Mark Dawson

Location: Chesterfield, Derbyshire
About me...

I am a historian researching and writing on the history of food and drink in the early modern period. Much that is written about the history of food uses evidence from printed sources – cookery books, dietary advice books, etc. – with the resulting concentration on the wealthy and at best generalisations (often inaccurate) about the experience of those not so fortunate. My approach is to work from the ground up, using documentary evidence of everyday life to build up a picture of what was actually going on in the households of our forebears.

About my talks...

All talks are illustrated with slides presented via Powerpoint and last for up to an hour. I have my own laptop and projector and can also provide a screen, although in practice it is usually better if the venue can provide one.

Fee:

Fee is £50 plus modest travelling expenses if further than 20 miles from my home in Chesterfield.

My Contact Details:
Phone:

07939308150

Henderson's Relish: A Question of Taste?

Public Speaker in Derbyshire Mark Dawson presents his talk Henderson's Relish.

The not so straight forward history of Sheffield’s favourite sauce. This talk looks at the obscure origins of Henderson’s in the late 19th century as one of a number of sauces designed to pep up stodgy and unappetising food. In the twentieth century, changes of ownership and struggles with adapting to a changing world could and nearly did see Henderson’s disappear, but it has survived and indeed grown in recent years and the talk concludes my asking, is it all just a matter of taste?

Food and Drink in Tudor and Stuart Derbyshire

Public Speaker Mark Dawson talks about Food and Drink in Tudor and Stuart Derbyshire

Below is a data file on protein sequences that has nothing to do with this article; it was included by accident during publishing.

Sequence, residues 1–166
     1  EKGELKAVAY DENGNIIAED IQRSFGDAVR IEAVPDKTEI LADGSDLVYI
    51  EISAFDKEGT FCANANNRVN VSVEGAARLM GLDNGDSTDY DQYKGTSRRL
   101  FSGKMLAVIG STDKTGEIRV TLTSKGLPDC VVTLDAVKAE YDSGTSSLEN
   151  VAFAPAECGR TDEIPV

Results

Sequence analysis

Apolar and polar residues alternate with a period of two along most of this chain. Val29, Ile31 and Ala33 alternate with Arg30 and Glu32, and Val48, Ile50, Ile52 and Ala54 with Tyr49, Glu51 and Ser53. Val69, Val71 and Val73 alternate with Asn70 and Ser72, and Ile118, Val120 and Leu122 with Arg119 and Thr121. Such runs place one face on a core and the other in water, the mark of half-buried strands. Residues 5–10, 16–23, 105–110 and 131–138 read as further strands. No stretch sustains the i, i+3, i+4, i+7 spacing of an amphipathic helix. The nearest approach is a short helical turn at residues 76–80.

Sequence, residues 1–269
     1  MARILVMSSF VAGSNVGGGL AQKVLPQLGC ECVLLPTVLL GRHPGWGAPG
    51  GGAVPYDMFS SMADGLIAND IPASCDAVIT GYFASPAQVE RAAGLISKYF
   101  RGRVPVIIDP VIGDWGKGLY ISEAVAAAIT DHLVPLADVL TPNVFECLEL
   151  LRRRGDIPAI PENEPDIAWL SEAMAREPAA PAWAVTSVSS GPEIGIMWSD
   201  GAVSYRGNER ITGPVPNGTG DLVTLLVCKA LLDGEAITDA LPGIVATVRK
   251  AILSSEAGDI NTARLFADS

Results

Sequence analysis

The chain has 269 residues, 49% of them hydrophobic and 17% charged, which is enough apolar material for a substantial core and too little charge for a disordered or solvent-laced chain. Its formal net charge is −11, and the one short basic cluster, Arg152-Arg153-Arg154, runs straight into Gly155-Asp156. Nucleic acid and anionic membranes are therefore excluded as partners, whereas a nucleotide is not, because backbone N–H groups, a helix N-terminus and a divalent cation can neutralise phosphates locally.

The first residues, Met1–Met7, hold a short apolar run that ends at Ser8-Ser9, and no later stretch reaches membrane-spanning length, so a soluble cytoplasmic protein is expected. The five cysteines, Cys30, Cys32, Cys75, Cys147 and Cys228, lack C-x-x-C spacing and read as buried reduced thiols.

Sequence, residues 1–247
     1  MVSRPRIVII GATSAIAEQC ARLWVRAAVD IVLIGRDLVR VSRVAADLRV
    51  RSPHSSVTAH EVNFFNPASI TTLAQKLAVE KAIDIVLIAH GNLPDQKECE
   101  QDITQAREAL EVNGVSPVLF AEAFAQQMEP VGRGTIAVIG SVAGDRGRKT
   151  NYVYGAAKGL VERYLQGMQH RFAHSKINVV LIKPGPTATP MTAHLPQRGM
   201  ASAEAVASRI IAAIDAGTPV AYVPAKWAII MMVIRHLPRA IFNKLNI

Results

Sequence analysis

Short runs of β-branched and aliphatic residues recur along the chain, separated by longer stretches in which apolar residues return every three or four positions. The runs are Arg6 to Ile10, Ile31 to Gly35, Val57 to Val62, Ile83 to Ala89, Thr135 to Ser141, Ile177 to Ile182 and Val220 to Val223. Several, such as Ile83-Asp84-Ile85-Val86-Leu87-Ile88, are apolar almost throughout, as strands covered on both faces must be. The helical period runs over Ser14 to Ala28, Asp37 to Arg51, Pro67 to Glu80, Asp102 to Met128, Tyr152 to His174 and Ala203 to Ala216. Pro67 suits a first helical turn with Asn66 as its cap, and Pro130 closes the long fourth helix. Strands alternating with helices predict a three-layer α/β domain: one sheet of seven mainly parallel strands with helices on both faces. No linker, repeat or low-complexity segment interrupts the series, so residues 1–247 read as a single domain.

A look at the foods being eaten and patterns of dining in the county from c.1540 through to c.1700. What foods did people eat? Where did their food come from? Was the food of the county different to that elsewhere and indeed how did food differ in different parts of the county? Based largely on evidence from probate inventories, but incorporating other sources to present a picture of everyday eating and drinking for ordinary people in Derbyshire in Tudor and Stuart times.

Food and Drink in Tudor and Stuart Nottinghamshire

Public Speaker Mark Dawson talks about Food and Drink in Tudor and Stuart Nottinghamshire

A look at the foods being eaten and patterns of dining in the county from c.1540 through to c.1700. What foods did people eat? Where did their food come from? Was the food of the county different to that elsewhere and indeed how did food differ in different parts of the county? Based largely on evidence from probate inventories, but incorporating other sources to present a picture of everyday eating and drinking for ordinary people in Nottinghamshire in Tudor and Stuart times.

To everything a season? Seasonality in the Tudor period.

Public Speaker Mark Dawson talks about To everything a season? Seasonality in the Tudor period.

We are encouraged today by celebrity chefs to eat food when it’s in season.  There’s a view that in the past this is what we did and certainly if you look at cookbooks from the Tudor period they advise this for their readers.  But how did the food actually change through the seasons in Tudor England?  How important were those seasonal changes in terms of diet? This talk investigates the nature and importance of changing dietary patterns through the year in Tudor England.

Oatcakes: farming and diet in North Derbyshire.

Mark Dawson Public Speaker talks about Oatcakes: farming and diet in North Derbyshire.

A couple of hundred years ago oats were just about the only cereal grain grown in large parts of north and west Derbyshire and oatcakes were what most people ate instead of bread. Thankfully, traditional Derbyshire oatcakes are still being made. This talk looks at the history of Derbyshire oatcakes from the medieval period through to the present.

What's up with ewe? A thousand years of English sheep's milk cheese.

Mark Dawson Public Speaker talks about What's up with ewe? A thousand years of English sheep's milk cheese.

A thousand years ago cheese was generally made with sheep’s milk. Now it is very much a niche product in England. This talk traces the changing fortunes of sheep’s milk cheese and seeks to explain why it fell from favour, only to be revived in recent times by artisan cheese-makers.

Mark Dawson Contact Details:
Phone:

07939308150